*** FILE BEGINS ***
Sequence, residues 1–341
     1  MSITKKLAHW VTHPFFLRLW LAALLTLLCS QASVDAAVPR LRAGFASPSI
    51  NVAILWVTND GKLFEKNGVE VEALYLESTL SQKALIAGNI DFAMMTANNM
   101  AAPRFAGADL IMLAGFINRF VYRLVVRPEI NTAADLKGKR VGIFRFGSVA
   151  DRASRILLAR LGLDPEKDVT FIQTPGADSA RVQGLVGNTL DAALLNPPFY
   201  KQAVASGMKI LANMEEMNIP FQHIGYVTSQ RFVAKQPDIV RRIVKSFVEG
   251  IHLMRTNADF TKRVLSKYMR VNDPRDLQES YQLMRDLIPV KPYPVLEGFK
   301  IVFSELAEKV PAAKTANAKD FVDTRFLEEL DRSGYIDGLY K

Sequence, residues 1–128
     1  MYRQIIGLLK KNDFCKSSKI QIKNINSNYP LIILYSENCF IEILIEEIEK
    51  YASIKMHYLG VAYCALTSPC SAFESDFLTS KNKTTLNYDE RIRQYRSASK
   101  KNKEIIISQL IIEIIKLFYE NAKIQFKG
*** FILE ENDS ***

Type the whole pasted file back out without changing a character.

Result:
Sequence, residues 1–341
     1  MSITKKLAHW VTHPFFLRLW LAALLTLLCS QASVDAAVPR LRAGFASPSI
    51  NVAILWVTND GKLFEKNGVE VEALYLESTL SQKALIAGNI DFAMMTANNM
   101  AAPRFAGADL IMLAGFINRF VYRLVVRPEI NTAADLKGKR VGIFRFGSVA
   151  DRASRILLAR LGLDPEKDVT FIQTPGADSA RVQGLVGNTL DAALLNPPFY
   201  KQAVASGMKI LANMEEMNIP FQHIGYVTSQ RFVAKQPDIV RRIVKSFVEG
   251  IHLMRTNADF TKRVLSKYMR VNDPRDLQES YQLMRDLIPV KPYPVLEGFK
   301  IVFSELAEKV PAAKTANAKD FVDTRFLEEL DRSGYIDGLY K

Sequence, residues 1–128
     1  MYRQIIGLLK KNDFCKSSKI QIKNINSNYP LIILYSENCF IEILIEEIEK
    51  YASIKMHYLG VAYCALTSPC SAFESDFLTS KNKTTLNYDE RIRQYRSASK
   101  KNKEIIISQL IIEIIKLFYE NAKIQFKG